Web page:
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Of all the things that can go wrong with an analytics project, it appears that failure to properly define the business problem is the runaway leader.
Walk the exhibit floor at any tech trade show and you will won't be able to ignore the noise about big data and analytics. The solution vendors virtually shout, "Pick me, pick me. You can't go wrong."
But "going wrong" with an analytics project may not even reach the point of vendor selection. It appears that the real pitfalls for a data project are independent of technology choice.
So far, the voting in our current All Analytics Unknown Document 281807 makes it clear that respondents see the biggest threat to a project's success in the earliest of stages, identifying the business problem that needs to be solved. As of this morning, 40% of voters listed the problem definition process as the greatest danger point for an analytics project. It was followed by "data sourcing" at 25.7%.
Of course, this doesn't mean that just any data technology will do the job. Rather, two-thirds of our voters seem to be saying that if you don't get off on the right foot with the right data for the right business problem, what happens after that -- technology choice, delivering business results, etc. -- just doesn't matter so much. Mess up the first stage and nothing that follows will fix the mistake.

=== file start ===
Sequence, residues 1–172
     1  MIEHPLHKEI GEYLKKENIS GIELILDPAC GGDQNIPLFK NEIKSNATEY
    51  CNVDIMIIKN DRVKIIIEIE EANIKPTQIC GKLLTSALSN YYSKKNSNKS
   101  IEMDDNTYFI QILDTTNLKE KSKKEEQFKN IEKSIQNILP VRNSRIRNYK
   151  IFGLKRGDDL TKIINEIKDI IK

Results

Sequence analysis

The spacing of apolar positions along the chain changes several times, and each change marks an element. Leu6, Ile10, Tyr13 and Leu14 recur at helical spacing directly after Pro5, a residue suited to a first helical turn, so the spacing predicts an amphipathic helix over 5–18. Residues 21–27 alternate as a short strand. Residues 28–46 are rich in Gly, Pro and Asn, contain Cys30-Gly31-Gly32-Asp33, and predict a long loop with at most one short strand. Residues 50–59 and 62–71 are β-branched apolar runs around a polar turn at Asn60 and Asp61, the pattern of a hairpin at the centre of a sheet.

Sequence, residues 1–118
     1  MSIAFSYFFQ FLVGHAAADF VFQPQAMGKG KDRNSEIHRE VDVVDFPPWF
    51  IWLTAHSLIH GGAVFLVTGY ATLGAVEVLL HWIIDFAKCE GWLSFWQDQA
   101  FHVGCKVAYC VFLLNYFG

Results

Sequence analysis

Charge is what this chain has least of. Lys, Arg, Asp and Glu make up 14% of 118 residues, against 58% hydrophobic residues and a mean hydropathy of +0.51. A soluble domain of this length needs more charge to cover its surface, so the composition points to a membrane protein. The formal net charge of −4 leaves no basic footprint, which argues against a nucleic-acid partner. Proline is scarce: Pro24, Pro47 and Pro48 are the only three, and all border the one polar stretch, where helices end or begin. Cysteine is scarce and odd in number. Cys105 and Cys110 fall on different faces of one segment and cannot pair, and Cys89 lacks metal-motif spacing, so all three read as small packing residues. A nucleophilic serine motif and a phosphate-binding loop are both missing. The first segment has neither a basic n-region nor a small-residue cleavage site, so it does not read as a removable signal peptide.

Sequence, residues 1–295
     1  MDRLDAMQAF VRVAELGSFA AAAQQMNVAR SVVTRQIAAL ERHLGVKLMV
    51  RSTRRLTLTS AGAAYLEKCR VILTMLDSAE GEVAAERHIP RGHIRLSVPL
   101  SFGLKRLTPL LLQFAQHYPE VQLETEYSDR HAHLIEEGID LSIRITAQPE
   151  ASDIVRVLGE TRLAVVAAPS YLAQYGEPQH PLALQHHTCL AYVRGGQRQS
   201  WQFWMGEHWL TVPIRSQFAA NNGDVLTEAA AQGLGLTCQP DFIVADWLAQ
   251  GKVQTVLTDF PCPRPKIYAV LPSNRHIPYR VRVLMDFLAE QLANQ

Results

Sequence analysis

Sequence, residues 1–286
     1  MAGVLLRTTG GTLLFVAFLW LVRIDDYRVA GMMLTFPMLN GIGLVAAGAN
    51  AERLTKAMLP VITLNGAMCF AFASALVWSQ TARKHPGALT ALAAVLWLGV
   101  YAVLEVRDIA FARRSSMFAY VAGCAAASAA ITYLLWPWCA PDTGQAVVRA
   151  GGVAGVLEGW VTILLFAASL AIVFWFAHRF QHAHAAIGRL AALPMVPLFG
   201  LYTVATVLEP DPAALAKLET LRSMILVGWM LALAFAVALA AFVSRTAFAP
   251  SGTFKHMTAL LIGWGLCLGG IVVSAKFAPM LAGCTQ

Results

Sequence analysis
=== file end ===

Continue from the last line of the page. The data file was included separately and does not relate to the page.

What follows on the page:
When it comes to identifying the business problem, one trend I've noticed in numerous case studies is that defining the problem takes hard work. In many instances, the real problem isn't the one that seems most apparent. Instead, that real problem is a subset or a dependency of what seems to be an obvious issue.
How does that play out in real life?
Take the case of slow sales in a given region. The immediate management assumption is that the local sales force is doing something wrong, and the executives will want data showing just what the sales team is doing wrong in comparison with what other teams are doing. However, some initial exploration could lead the analytics pros to look beyond the actual sales strategy.
The problems could be highlighted in customer social media posts complaining about product pricing, or in tech support calls that indicate product quality issues. So, the real problem could be in customer satisfaction rather than in the sales strategy or talent.
I know, it seems logical that a manager should take a holistic view of the problem and work to narrow down the real issues. But, have you ever witnessed a manager ignoring logic?
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